For beginning teachers, dealing with misbehavior in the classroom can be a frightening prospect. Early education courses in classroom management instruct teachers to adopt and implement a strong comprehensive discipline program, as well as develop a preventive discipline scheme. Courses that focus on classroom discipline and management teach beginning teachers how to incorporate a preventive discipline plan into their classroom.
It is wise to have a successful prevention model in place. A good preventive plan has several important characteristics. The first provision is a student’s need. Human needs include control, freedom, fun, love, and acceptance. When these needs are not being met, misbehavior often ensues. Because children spend so much time at school, it is important that teachers try to meet these needs. Doing so decreases the possibility of negative behaviors; thereby preventing discipline problems.
Student-teacher collaboration on curriculum is an effective preventive discipline measure. When students have a say in what they learn and how they learn it, they are more apt to maintain a positive and constructive attitude. Students that have significant interests in their work, spend less time disrupting the class and more time participating in the class. They devote less time to misbehavior and more time to learning.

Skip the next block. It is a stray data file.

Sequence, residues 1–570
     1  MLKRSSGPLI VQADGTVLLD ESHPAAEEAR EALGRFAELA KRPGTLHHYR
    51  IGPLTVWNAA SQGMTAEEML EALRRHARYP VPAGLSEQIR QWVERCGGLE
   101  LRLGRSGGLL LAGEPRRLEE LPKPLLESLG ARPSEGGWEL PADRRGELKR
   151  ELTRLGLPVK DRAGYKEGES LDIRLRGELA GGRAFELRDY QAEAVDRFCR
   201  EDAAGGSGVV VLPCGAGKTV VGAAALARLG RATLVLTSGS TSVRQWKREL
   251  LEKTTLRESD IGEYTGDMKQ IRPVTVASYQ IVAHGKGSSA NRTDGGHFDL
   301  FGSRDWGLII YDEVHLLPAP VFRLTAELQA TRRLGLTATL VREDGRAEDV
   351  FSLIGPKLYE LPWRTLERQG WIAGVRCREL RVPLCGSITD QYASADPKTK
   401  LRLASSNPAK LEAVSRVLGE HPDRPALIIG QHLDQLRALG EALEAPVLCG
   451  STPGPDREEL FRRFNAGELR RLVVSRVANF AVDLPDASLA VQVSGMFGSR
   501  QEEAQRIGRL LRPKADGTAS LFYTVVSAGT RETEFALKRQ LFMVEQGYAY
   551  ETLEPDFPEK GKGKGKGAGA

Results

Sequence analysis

A preventive discipline should include expectations and rules. Once students and teachers coordinate curriculum, they should jointly formulate the rules and regulations governing the classroom. A student typically takes genuine ownership of rules if he or she helped create them. If one does not recognize them as his or her own, the student may have difficulty following them. Students are also known to enforce those rules that they helped to create.
Determining the teacher’s role, via the students, is an essential element of the preventive discipline plan. Students and teacher are encouraged to participate in a community classroom to discuss the students’ perspective of how the teacher can be an even more effective instructor. Students are inclined to request a number of things including fewer tests, no weekend homework, different subject topics, or no pop quizzes. Students should feel at liberty to throw out any idea without the fear of being made fun of by classmates.
Fostering good student-teacher relationships is key for preventing classroom discipline. Teachers experience less discipline problems when they have a respectful and positive relationship with their students. Mutual respect is key; this type of relationship develops over time when teachers help students become personally responsible and self-directed. If students like and respect their teachers, they will be less likely inclined to participate in ill behavior.
Student evaluation is a critical component for deterring and preventing misbehavior. When students have a stake in their own evaluation, they take on personal responsibility for their actions, and that includes behavior. Helping students evaluate their own work helps them become more self-directed, which results in better discipline.